BUFFALO, N.Y., March 31, 2014 — More efficient photovoltaic cells are among the possibilities created by a new nanoscale microchip component.
The component, a multilayered waveguide taper array developed at the University at Buffalo, improves a chip’s ability to trap and absorb light. These waveguide tapers slow down and absorb each frequency of light at different places vertically to catch a rainbow of broadband light.
Each taper is made of ultrathin layers of metal, semiconductors and/or insulators, and absorbs light in metal dielectric layer pairs. By adjusting the thickness of the layers and other geometric parameters, the tapers can be tuned to different frequencies, including visible, NIR, mid-IR, terahertz and microwaves.
This multilayered waveguide taper array absorbs a range of wavelengths. Courtesy of the University at Buffalo.
The new structure shows promise for improving thin-film photovoltaic cells. Currently, such cells are more flexible and less expensive than traditional solar cells, but they do not absorb as much light. The new array could increase the amount of energy generated in thin-film cells, as it more efficiently absorbs the visible and IR spectrums.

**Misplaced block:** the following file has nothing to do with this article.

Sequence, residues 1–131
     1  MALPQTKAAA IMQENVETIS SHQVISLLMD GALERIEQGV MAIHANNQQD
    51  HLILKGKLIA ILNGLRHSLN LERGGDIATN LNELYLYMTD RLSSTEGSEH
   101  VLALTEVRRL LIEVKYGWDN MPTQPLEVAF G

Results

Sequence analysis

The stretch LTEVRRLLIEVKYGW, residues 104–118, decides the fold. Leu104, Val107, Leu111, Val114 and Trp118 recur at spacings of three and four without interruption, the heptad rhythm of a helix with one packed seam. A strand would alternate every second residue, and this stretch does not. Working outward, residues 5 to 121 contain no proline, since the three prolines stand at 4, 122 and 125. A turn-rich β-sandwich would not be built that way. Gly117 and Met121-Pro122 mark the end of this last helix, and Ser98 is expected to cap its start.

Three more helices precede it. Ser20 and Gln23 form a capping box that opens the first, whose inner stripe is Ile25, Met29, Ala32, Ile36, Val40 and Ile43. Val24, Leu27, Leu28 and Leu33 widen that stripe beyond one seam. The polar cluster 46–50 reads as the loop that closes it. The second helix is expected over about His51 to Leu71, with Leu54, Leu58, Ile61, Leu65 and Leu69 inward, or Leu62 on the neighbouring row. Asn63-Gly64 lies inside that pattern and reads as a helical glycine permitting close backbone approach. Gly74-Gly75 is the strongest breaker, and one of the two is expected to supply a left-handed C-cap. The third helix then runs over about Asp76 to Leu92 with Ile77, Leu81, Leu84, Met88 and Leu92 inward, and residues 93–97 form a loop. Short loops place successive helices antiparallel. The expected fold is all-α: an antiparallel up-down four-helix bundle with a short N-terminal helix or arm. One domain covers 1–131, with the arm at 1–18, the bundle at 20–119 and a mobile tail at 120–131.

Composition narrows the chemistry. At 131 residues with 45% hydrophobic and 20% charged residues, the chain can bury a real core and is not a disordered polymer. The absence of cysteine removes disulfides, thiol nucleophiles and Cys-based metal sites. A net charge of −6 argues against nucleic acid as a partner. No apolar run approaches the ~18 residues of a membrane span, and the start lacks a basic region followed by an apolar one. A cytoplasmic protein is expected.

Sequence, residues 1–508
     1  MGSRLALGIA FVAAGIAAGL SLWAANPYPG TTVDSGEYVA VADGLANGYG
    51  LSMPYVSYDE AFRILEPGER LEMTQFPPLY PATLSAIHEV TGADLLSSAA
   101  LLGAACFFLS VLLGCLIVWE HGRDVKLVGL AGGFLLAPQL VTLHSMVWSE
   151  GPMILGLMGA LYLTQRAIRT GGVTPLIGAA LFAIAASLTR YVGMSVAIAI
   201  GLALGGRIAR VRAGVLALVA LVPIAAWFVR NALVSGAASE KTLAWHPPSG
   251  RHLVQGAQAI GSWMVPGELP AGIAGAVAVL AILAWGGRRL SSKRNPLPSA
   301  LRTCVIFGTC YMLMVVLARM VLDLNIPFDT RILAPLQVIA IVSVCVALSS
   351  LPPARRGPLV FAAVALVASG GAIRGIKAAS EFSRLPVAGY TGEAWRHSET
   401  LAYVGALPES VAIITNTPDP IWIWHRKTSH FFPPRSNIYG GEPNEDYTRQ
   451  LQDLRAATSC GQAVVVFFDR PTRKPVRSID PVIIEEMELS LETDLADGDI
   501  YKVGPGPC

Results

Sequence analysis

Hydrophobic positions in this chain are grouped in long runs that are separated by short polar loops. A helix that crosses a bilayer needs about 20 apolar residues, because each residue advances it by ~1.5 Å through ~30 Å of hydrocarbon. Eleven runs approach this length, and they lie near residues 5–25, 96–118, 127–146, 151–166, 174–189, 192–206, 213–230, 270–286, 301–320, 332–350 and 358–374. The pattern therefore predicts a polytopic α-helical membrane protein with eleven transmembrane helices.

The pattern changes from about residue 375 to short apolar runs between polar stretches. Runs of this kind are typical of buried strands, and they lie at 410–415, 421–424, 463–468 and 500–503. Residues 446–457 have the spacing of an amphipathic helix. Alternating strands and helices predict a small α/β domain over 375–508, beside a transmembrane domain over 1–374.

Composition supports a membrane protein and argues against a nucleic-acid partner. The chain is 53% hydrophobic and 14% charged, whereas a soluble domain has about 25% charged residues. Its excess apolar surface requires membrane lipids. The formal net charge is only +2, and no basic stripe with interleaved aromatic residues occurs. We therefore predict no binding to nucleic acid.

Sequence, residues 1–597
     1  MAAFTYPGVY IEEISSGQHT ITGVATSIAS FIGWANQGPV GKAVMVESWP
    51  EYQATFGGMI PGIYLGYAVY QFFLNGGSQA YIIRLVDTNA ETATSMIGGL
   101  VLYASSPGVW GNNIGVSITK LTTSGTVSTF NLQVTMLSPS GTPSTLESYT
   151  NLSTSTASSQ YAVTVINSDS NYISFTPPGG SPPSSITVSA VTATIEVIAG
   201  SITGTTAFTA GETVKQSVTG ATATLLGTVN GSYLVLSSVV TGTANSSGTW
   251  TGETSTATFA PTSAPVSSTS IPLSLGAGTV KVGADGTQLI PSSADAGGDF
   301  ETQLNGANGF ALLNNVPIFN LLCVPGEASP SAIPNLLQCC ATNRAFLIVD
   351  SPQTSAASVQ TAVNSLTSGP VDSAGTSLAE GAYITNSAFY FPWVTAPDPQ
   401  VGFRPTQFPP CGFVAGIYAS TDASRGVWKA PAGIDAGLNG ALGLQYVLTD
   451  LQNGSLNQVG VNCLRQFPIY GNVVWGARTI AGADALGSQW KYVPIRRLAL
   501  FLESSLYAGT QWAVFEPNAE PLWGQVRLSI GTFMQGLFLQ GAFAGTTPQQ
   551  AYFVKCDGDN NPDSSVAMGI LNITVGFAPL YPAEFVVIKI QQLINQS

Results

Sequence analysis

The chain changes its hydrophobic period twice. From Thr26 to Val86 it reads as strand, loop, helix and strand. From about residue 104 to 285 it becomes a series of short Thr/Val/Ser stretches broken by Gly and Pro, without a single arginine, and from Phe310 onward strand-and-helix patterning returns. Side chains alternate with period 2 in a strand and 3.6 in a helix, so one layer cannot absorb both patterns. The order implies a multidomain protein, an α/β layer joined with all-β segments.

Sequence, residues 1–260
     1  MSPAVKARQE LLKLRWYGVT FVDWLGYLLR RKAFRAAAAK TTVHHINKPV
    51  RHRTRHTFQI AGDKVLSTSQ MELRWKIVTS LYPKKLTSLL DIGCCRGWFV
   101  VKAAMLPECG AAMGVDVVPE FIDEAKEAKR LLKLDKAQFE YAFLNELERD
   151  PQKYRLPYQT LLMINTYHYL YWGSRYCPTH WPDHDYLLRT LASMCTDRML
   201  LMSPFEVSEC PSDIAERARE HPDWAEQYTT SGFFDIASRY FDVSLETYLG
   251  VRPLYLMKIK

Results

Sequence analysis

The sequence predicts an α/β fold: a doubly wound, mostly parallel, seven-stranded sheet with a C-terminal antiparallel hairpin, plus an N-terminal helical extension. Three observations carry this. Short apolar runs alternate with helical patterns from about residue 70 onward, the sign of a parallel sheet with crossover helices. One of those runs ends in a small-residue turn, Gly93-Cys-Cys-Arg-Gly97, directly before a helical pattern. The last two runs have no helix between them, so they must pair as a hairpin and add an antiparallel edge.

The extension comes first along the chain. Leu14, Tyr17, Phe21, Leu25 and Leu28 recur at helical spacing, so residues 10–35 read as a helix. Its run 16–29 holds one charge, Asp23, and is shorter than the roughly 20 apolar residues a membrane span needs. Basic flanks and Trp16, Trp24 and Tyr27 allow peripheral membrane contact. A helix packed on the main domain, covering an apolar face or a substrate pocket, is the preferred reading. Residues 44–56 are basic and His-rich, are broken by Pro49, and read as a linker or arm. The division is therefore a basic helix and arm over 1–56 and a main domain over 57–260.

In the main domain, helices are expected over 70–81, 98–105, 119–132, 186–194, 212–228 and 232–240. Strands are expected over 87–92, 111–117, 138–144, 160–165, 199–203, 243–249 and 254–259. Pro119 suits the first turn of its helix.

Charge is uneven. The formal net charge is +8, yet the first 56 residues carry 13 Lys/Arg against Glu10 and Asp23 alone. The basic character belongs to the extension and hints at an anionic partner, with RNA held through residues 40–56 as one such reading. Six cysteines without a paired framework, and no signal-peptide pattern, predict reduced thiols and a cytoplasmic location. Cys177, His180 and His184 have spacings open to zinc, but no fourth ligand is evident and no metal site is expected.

Additional applications for the structure include recycling waste heat that is generated by power plants and other industrial processes, as well as various electronic devices.
“This advancement could prove invaluable for thin-film solar technology as well as recycling waste thermal energy that is a byproduct of industry, and everyday electronic devices such as smartphones and laptops,” said Dr. Qiaoqiang Gan, an assistant professor of electrical engineering at UB.
“It could be useful as an ultracompact thermal absorption, collection and liberation device in the mid-infrared spectrum,” said Dengxin Ji, a doctoral student and the first author.
The structure also could potentially be used as a cloaking material for airplanes, ships and other vehicles to avoid radar, sonar, IR and other forms of detection. It also might serve the relatively new field of advanced computing research called on-chip optical communication.
The work was funded by the National Science Foundation and published in Scientific Reports (doi: 10.1038/srep04498).
For more information, visit: www.buffalo.edu.